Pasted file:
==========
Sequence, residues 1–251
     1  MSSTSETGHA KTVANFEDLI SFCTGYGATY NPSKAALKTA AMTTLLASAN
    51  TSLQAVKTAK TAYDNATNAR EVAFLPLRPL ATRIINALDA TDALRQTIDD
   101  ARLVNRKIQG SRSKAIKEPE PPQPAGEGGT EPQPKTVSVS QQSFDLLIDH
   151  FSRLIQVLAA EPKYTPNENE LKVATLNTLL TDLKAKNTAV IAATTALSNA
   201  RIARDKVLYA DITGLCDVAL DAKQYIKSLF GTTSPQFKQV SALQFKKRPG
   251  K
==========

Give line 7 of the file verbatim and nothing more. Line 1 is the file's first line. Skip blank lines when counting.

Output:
   251  K